How many types of electrical charge are there and how do they interact with one
Plastic straw, paper bits, styrofoam coffee cup, an assortment of cloth.
1. Tear a piece of paper into small bits. Place the plastic drinking straw close to the
bits of paper. Can you lift the bits of paper by touching them with the straw?
2. Now rub the straw briskly with wool or fur and place it near the bits of paper.
3. Repeat this using the styrofoam coffee cup. Try to lift the paper bits before and
after rubbing the cup on wool, fur or your own hair.
Describe the affect that the materials that have been rubbed with
wool, fur or your hair have on the paper bits?
Apparently, after the straw has been rubbed there is an interaction between the straw and paper which is capable of lifting the paper bits.
What can you say about the size of this interaction compared to that
of the Earth's gravitational interaction with the paper bits?
What can you say about the relationship between distance and this
How do the paper bits react when the straw is held at a distance?
When the straw is brought near the paper bits?
The force involved in this interaction is called an electrical force, and was first
observed by the Greeks, who found that pieces of amber(in Greek elektron)
attracted other things after being rubbed with fur. If a material attracts the
bits of paper, then it is said to be electrically charged.
1. Can you conclude at this time that the unrubbed bits of paper are charged?
2. Why might you think so?
3. Are they charged according to the definition above? How could you test for this?
4. What did you find?
1. Stick a 20 cm piece of transparent tape to your desk, leaving a tab hanging loose
over the edge of the desk.
2. Rub the tape firmly against the table.
3. Carefully remove the tape from the table by pulling up on the loose tab.
4. Slowly bring the non sticky side of the tape close to the paper bits. Record your observations: Do either or both sides of the tape attract
the paper bits like the straw or foam cup did?
Does the tape seem charged
5. Roll a piece of paper to form a tube and bring it near the tape. Is there an
interaction between the paper tube and the tape?
6. Make two charged strips like you did the first one. Try bringing the tapes near
each other and see what effect they have on one another. Does it matter which
sides of the tape face each other? Why do you think this happens?
How do the tapes react to the charged straw when it is brought near
the tapes? How would you modify the first definition of a charged
object to adequately explain this interaction?
7. Charge a third piece of tape in the same manner as the others and observe the
interactions between this tape and the other two tapes. Record your
8. Make a stand by taping the long end of a flexible straw to an upside down foam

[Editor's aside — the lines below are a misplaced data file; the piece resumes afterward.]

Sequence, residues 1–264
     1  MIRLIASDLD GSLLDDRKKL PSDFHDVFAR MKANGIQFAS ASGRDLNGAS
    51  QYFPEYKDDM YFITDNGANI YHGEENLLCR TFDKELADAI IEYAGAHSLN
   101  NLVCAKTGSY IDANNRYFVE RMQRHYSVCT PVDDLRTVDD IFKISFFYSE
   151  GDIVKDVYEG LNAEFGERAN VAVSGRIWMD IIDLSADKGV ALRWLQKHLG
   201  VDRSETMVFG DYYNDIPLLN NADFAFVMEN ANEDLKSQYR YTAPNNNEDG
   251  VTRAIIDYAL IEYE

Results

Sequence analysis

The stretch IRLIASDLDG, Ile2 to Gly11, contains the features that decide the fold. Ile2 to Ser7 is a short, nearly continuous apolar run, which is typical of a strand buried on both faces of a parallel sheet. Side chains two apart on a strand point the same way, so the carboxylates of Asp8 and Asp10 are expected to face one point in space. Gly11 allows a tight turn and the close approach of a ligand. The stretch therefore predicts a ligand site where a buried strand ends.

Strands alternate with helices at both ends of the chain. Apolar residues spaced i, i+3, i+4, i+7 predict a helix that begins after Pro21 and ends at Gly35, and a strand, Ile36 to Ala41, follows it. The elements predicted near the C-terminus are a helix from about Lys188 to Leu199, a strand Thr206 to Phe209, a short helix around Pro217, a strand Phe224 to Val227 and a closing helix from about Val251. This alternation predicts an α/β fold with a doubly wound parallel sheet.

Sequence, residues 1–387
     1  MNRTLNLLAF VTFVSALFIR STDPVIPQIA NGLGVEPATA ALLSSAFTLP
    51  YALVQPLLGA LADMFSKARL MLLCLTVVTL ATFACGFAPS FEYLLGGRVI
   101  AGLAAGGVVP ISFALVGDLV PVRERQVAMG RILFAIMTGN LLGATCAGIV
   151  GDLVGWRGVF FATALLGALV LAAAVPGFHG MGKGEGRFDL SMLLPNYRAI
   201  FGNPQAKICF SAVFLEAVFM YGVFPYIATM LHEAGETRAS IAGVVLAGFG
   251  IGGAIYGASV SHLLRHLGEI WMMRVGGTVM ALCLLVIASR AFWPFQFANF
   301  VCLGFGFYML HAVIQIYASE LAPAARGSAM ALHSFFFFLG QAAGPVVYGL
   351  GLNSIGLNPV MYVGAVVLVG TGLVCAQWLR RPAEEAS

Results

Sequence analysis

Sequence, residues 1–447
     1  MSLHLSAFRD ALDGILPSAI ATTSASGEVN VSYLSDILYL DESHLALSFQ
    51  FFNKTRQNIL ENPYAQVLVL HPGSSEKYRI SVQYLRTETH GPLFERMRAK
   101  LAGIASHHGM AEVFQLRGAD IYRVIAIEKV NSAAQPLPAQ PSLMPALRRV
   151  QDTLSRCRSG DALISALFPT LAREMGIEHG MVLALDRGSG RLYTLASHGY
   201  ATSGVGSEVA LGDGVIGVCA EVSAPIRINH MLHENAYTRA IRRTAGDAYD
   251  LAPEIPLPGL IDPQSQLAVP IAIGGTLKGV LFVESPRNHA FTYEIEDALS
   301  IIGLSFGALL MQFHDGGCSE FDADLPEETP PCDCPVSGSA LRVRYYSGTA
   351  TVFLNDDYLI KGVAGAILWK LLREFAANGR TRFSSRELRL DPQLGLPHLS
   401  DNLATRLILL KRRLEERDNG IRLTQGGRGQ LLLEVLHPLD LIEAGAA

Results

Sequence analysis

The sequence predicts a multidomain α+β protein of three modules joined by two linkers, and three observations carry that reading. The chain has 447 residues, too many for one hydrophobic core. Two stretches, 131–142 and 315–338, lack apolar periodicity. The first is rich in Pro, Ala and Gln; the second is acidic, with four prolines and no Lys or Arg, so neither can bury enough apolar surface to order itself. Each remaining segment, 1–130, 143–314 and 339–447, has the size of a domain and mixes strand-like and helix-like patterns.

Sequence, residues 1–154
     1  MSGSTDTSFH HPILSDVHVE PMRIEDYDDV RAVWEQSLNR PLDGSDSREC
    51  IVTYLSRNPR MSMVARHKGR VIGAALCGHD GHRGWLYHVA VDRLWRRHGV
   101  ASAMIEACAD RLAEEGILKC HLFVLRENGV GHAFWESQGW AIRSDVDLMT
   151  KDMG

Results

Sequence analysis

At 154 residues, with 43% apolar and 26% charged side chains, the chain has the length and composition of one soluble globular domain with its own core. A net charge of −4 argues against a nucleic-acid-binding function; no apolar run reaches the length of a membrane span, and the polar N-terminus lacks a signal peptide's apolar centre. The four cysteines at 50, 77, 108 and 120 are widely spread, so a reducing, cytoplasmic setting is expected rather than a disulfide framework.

cup. Bend the top of the straw horizontal and stick one of the three strips that you
have charged to the straw so that it hangs down. We will call this the test
9. Charge two new tapes in the following manner. Stick a piece of tape to the desk
as before. Stick a second piece of tape on top of it. Rub them well against the
surface. Peel this pair, still stuck together, away from the desk. Bring them near
the test tape.
What do you observe?
10. Bring them near the paper bits.
What do you observe? Is the combination tape charged under your
11. Now run the non sticky side of the tape across your fingers or across a water
pipe. Test the combination tape again against your test tape and the paper bits.
What do you observe in each case? Does the charged object seem to
be charged according to your definition? If it seems charged, is it
12. Carefully peel apart the tapes. Hold one in each hand and bring them slowly
towards each other. What do you observe?
13. Bring the tapes one at a time near the suspended test tape and the paper bits.
Record your observations. Can you tell with certainty from this
experiment that both the tapes are charged according to your
definition? Why or why not?
14. Suspend each of these tapes and bring a charged straw near each. Roll a piece
of paper to form a tube and bring it near the tapes. Record your observations?
Is there an interaction between the paper tube and the tapes?
1. How do your observations in this experiment allow you to extend or refine your
definition of an object being charged? Write a revised definition.
2. How do tests for attractive and repulsive interactions compare in effectiveness as
a test for objects being charged? Would either test alone be sufficient? If so
which one and why? If not, why not? Explain your reasoning.
3. How many types of charges were you working with in this activity? How do
4. If a third charge existed, how would it affect the two oppositely charged tapes in
5. Why do you think the charged straw affected the two suspended tapes as it did?
6. How would you explain the attraction or repulsion between each of the
suspended tapes and the uncharged paper roll?
7. How would you explain the fact that a charged straw can attract an uncharged
object like paper bits?
8. You actually created an electrical charge on the tapes and straw. In light of what
you have learned about atomic structure, do you think that electrons or protons
were being moved?